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oldbagobones

Cold crashing and bottle carbonating

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Hi gang, I have recently cold crashed two LBK's with two different types of beer.  My question is that previously I had not cold crashed an LBK and the end result was a good carbonated beer in the bottles.  I recently tried one of the bottles that was cold crashed after five weeks conditioning and it seemed to lack the carbonation of the un-cold crashed one.  Is the absence of the yeast in the cold crashed ones causing  a lack of carbonation or did I need to compensate with an additional amount of priming sugar for the bottles?  I may not have let the conditioning take as long as I should have but it seems there was a significantly less than the non cold crashed LBK.  Thoughts?

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19 minutes ago, oldbagobones said:

Hi gang, I have recently cold crashed two LBK's with two different types of beer.  My question is that previously I had not cold crashed an LBK and the end result was a good carbonated beer in the bottles.  I recently tried one of the bottles that was cold crashed after five weeks conditioning and it seemed to lack the carbonation of the un-cold crashed one.  Is the absence of the yeast in the cold crashed ones causing  a lack of carbonation or did I need to compensate with an additional amount of priming sugar for the bottles?  I may not have let the conditioning take as long as I should have but it seems there was a significantly less than the non cold crashed LBK.  Thoughts?

There will almost always be plenty of yeast in your beer to carbonate even after cold crashing.

 

either your beer simply does not want to carbonate or you did something wrong. Ive had both happen to me. I assume you followed the carb for 3 weeks around 70 degrees and then refrigerate for 3 days before drinking? Its gotten colder here by me. 5-10 degrees can make a huge difference 

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The temp has been a fairly constant 72 degrees.  The bottles have been conditioning for over 4 weeks.  I just tried one bottle that was 3/4 full at the end of the last bit of wort.  It may be that the bottle did not contain enough primer or simply not enough in the bottle.  My concern is the cold crash affecting the outcome. Creeps you say no, so hopefully my other batches will be OK.

 

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3 minutes ago, oldbagobones said:

The temp has been a fairly constant 72 degrees.  The bottles have been conditioning for over 4 weeks.  I just tried one bottle that was 3/4 full at the end of the last bit of wort.  It may be that the bottle did not contain enough primer or simply not enough in the bottle.  My concern is the cold crash affecting the outcome. Creeps you say no, so hopefully my other batches will be OK.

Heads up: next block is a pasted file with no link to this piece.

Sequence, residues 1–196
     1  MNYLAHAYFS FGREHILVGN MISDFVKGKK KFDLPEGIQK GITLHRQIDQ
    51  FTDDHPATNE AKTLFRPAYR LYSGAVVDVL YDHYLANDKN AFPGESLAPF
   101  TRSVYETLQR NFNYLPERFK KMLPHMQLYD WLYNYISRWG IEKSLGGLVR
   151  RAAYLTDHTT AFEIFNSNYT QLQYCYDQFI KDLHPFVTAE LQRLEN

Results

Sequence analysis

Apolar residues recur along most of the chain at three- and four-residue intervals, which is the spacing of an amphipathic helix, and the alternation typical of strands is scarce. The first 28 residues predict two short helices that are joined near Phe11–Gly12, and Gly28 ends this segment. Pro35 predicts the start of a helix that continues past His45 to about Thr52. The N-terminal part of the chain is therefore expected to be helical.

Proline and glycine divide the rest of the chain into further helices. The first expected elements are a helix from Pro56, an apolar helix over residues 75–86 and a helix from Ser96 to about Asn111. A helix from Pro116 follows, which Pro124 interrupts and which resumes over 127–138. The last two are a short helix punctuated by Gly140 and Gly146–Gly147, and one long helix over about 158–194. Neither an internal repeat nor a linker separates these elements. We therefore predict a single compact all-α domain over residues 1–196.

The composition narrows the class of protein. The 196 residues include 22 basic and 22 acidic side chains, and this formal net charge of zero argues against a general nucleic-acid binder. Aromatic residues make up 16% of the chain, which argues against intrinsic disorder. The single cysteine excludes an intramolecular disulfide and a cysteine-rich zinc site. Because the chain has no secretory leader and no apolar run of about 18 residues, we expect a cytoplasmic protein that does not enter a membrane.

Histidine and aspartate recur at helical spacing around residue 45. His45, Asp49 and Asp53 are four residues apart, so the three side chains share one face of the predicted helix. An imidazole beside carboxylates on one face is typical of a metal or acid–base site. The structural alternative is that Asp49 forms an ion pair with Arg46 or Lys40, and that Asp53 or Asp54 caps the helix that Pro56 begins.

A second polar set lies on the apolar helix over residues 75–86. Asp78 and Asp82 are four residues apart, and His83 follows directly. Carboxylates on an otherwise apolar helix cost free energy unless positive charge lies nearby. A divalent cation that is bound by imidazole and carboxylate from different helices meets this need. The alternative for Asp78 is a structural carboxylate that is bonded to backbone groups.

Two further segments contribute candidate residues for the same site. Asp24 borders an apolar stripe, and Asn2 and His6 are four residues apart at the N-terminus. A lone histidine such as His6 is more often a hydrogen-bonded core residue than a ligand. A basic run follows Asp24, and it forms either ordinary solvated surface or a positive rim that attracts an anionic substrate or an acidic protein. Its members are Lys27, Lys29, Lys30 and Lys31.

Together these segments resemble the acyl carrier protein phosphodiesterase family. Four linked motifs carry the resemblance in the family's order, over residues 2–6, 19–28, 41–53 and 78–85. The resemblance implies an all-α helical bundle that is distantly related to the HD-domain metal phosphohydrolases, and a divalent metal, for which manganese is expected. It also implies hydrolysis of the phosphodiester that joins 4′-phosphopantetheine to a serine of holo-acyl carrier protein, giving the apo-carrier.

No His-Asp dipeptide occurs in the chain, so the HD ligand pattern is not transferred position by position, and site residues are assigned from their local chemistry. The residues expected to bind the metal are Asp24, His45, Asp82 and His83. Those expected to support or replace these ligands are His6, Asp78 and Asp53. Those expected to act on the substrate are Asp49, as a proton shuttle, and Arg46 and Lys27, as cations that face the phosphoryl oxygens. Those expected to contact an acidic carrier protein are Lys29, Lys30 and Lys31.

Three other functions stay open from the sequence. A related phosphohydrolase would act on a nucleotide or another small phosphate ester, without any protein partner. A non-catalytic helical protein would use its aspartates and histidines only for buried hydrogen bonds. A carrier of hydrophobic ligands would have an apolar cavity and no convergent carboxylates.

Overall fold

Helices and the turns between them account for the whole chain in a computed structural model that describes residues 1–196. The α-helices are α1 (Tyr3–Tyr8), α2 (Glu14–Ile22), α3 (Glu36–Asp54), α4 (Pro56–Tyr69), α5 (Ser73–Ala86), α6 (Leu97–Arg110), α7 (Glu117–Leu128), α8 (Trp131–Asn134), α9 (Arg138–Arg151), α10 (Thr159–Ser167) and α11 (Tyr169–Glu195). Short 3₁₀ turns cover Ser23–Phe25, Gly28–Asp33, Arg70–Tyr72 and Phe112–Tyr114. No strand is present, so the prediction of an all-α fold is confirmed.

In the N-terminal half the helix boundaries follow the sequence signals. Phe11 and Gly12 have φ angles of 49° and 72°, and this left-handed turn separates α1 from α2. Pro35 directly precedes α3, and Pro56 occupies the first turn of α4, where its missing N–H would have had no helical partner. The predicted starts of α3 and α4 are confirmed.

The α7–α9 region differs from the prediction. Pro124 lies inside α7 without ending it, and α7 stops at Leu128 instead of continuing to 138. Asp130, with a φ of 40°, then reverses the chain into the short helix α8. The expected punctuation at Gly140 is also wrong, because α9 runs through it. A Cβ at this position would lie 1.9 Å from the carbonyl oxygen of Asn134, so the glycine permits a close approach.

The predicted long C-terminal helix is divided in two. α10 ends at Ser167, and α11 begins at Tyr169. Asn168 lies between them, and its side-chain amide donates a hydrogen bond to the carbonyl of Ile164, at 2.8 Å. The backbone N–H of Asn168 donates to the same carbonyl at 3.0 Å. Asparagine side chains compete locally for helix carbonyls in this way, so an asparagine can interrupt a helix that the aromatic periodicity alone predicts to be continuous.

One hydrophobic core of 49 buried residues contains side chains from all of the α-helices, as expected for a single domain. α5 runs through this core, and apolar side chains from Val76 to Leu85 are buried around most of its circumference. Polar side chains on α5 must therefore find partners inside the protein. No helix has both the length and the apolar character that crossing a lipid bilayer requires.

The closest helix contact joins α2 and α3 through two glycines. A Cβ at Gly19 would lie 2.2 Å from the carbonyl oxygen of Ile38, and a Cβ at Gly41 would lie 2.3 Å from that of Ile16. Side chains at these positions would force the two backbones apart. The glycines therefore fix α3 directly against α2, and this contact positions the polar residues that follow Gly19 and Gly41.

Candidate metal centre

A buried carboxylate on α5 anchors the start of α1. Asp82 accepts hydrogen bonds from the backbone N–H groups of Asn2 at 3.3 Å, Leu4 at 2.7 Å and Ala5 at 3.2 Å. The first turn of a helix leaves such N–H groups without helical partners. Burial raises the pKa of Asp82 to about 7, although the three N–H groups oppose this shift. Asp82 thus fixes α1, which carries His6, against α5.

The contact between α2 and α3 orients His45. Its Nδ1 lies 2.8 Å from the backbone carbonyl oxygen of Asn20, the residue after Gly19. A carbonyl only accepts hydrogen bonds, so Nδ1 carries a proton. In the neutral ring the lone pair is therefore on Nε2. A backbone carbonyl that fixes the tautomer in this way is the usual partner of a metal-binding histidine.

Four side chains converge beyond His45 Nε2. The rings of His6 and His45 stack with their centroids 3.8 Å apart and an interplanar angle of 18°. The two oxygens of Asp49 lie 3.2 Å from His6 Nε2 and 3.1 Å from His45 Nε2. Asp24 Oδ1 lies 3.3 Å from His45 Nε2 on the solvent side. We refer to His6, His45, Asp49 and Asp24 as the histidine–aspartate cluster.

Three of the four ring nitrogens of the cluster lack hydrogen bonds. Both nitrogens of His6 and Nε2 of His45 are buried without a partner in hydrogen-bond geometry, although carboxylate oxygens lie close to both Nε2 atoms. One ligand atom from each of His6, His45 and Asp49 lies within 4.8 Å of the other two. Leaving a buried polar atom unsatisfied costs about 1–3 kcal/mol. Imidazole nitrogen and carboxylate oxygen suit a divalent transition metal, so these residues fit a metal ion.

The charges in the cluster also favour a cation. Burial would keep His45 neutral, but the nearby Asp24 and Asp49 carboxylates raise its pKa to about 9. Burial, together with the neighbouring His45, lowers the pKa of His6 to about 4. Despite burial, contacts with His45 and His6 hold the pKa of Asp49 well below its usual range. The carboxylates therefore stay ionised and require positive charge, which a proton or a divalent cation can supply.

I’ve lagered beers for a month and a half and still had enough yeast to carb my bottles. So yes, you’ll be ok.

 

I had had a batch one time that took months to carb. Not sure why. But then all of a sudden one day, they were carbed. It’s never happened before, and it’s never happened again. However, I am a firm believer that brewing is a science and any attribute in my beer is there because of something I did in the process. 

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On October 17, 2018 at 11:30 AM, Creeps McLane said:

I’ve lagered beers for a month and a half and still had enough yeast to carb my bottles. So yes, you’ll be ok.

 

I had had a batch one time that took months to carb. Not sure why. But then all of a sudden one day, they were carbed. It’s never happened before, and it’s never happened again. However, I am a firm believer that brewing is a science and any attribute in my beer is there because of something I did in the process. 

I tend to attribute it to magic on most occasions. Definitely magic. How could science be the sole reason beer tastes so majestic?

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1 hour ago, Big Sarge said:

I tend to attribute it to magic on most occasions. Definitely magic. How could science be the sole reason beer tastes so majestic?

 

It's much more romantic to think of it that way.  Maybe I should change my dream of being a 'Mad Scientific Brewer' wanna-be to a 'Mad Magician Brewer' wanna-be;  a little esotericism to help the yeastie beasies do their magic.  👿

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On 10/17/2018 at 9:55 AM, oldbagobones said:

Hi gang, I have recently cold crashed two LBK's with two different types of beer.  My question is that previously I had not cold crashed an LBK and the end result was a good carbonated beer in the bottles.  I recently tried one of the bottles that was cold crashed after five weeks conditioning and it seemed to lack the carbonation of the un-cold crashed one.  Is the absence of the yeast in the cold crashed ones causing  a lack of carbonation or did I need to compensate with an additional amount of priming sugar for the bottles?  I may not have let the conditioning take as long as I should have but it seems there was a significantly less than the non cold crashed LBK.  Thoughts?

ive been brewing for less than 1 yr, but i cold crash every batch. not for beer clarity, but for compacting the trub so I get more yield  (beer in bottles). I bottle in 12 oz glass with 1/2 tsp of sugar and I condition/carb for at least 4 weeks at 70+ deg. I have never had an undercarbed beer. Using PET bottles, I have experienced that. I blame faulty caps, didn't screw them on tightly enough, i'm an idiot....one of those reasons. i find that the bottle caps make a tighter seal. at least for me, but what do i know. i just love beer.

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